Everyone involved with the first CCP helped create just a magical experience. Leaders in the crypto-industry made the trip uptown to Hunts Point to spread the crypto-gospel. @jswihart & @ElectricCoinCo, @Gemini, @FlexaHQ, @Paulapbpb, @MessariCrypto, @ericturnr. @CasaHODL, @HectorRosekrans & @HectorRosekrans, @SusanJoseph1786, @beezuso, @YinFengShao. @La__Cuen made an appearance and wrote about it. And of course, my Crypto-Rabbi, @jer979. Three internships came out of those two days, as well as LinkedIn follows and entry into Crypto-Twitter. ECC, with the help of @ctomeo created this amazing website documenting the Bootcamp. https://underestimated.electriccoin.co/
[…]While preparing for the second Crypto Community Project bootcamp, @DonnyDvorin asked me what I thought about @brave. The $BAT white paper was the only other white paper other than bitcoin’s that I had read. Through my research for my articles and the Newsletter, I had learned about AdTech. I had already been using Brave for a year and was happy with the experience. […]After speaking for about thirty minutes, Donny dropped the bomb on me. “I was offered the job of Head of Sales. Do you want to come work for me?”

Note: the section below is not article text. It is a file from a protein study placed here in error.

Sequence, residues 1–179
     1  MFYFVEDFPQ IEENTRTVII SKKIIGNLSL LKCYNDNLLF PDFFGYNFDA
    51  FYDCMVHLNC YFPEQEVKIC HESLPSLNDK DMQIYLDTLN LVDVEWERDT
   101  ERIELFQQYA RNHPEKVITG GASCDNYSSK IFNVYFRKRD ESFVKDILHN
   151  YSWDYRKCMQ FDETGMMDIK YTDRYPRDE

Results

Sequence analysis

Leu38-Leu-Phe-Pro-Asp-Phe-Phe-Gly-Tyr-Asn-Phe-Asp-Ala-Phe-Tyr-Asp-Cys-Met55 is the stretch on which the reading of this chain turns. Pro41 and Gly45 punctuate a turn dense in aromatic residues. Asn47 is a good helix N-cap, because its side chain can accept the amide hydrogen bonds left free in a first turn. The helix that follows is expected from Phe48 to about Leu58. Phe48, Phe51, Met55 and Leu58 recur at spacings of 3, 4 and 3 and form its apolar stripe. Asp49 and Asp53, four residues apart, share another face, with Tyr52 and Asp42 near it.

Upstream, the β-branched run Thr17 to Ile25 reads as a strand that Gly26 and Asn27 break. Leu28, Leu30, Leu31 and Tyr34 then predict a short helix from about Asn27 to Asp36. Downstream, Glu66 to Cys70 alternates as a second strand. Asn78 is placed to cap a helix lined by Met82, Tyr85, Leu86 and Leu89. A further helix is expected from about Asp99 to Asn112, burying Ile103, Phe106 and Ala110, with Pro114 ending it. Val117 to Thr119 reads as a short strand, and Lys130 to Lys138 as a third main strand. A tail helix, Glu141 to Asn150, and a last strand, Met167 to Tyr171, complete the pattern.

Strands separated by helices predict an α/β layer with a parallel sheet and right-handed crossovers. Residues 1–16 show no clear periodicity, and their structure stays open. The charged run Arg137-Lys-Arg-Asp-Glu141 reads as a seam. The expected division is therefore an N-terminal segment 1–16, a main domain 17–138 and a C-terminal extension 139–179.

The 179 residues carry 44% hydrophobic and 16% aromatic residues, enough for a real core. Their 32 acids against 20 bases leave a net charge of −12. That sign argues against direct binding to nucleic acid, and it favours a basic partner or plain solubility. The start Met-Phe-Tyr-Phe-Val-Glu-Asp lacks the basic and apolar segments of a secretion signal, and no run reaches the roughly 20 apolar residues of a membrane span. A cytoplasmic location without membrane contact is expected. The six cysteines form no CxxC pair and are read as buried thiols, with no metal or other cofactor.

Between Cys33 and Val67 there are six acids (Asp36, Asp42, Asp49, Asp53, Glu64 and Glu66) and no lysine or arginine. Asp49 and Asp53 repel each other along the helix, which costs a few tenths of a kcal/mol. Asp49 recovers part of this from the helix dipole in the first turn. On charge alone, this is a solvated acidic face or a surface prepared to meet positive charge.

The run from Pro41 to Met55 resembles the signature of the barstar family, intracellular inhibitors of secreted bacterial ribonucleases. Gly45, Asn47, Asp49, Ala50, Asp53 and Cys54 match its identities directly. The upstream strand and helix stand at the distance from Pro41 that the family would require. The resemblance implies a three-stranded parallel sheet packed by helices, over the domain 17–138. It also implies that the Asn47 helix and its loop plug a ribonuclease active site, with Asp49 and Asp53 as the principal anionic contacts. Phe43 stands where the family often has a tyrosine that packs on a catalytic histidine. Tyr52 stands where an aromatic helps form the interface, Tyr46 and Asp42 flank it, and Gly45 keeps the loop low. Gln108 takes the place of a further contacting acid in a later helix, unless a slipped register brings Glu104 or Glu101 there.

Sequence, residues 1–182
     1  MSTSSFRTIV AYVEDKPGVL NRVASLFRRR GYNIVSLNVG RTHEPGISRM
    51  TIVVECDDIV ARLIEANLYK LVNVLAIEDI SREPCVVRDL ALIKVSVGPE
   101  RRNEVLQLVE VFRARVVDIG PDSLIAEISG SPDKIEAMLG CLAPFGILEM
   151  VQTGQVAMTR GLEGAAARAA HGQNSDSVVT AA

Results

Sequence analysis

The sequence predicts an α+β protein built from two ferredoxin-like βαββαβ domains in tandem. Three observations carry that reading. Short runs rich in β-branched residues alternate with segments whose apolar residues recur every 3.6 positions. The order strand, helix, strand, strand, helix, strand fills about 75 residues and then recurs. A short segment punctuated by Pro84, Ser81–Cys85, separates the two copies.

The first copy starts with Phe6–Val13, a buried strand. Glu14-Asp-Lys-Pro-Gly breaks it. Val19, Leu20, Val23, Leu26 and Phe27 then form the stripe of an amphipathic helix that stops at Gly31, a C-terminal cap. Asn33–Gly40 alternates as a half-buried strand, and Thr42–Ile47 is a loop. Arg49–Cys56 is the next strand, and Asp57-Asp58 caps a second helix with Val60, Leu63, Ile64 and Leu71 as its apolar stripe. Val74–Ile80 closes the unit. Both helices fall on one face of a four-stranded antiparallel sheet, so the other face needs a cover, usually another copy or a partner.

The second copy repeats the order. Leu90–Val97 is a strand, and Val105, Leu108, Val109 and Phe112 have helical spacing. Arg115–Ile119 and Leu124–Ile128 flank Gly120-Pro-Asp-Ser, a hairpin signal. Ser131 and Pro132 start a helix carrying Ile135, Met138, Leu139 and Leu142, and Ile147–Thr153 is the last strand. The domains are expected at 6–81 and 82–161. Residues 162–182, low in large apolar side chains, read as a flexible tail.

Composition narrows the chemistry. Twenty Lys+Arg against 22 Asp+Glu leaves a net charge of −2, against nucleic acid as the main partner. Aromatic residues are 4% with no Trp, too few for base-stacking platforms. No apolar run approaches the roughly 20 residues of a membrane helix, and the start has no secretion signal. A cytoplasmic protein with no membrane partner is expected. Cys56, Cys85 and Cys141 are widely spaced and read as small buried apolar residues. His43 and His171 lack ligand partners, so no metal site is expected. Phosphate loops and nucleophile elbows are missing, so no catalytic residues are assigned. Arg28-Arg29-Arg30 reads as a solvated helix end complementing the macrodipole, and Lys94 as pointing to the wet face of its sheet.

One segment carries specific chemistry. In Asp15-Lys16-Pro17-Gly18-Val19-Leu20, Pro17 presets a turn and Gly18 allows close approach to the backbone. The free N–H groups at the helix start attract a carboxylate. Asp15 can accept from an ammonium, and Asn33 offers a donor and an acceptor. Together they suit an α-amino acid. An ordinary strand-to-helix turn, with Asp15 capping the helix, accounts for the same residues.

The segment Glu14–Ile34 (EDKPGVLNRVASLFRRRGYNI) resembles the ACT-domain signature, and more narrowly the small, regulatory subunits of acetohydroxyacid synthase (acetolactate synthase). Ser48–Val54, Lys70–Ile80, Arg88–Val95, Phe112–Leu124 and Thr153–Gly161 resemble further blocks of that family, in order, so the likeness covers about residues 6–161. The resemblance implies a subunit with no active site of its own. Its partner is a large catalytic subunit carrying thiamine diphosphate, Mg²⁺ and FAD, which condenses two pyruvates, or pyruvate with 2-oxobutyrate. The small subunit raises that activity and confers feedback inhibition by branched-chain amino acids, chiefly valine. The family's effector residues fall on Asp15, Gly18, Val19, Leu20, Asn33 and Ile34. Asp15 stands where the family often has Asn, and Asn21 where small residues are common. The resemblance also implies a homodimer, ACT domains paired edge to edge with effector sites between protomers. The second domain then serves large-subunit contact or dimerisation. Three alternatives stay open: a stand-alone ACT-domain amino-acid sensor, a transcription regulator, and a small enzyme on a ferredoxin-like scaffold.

And that was it. The die was cast. The decision made. I gave my resignation to my principal that day. I continued organizing the Crypto Community Project bootcamp with the support of @electriccoinco, @jswihart, @cryptoserrano, @elenita_tweets. The second iteration had returning speakers from @Gemini, @MessariCrypto, @erictunr as well as new ones like @TR401, @EmilyEColeman, @Melt_Dem, @jmonegro, @RebeccaRettig1 and @klquinones. All generously donated their time and expertise for a new round of students in the South Bronx.
I began working full-time at Brave the first week of December of 2019. And while I do miss my students, the company has allowed me to continue my work in crypto-education. In a sense, I may have left the school system, but I haven’t left teaching. @Cryptoserrano and @electriccoinco have continued the mission with their #CryptoinContext program, which was modeled on our previous work. The preparations are underway, and @brave is participating. The crypto-industry does need diversity, and in my experience, it is not only willing but enthusiastic in cultivating it. We are an industry that requires one thing: a desire to learn and explore everything there is about this revolutionary technology. We are such a young industry that degrees and credentials still do not exist. The playing field has been leveled; there is opportunity for anyone who heeds the call.
I followed my enthusiasm and interest to a new career at 38. But I’m sure I would not have been ready for it at 30 — especially considering that bitcoin itself was only a year old at that point. My years as a teacher prepared me, and while those years were difficult for reasons many teachers will understand, looking back, I am thankful I went through it. I don’t know what the future holds, but the lessons we need to learn are in the present.
We are all where we need to be.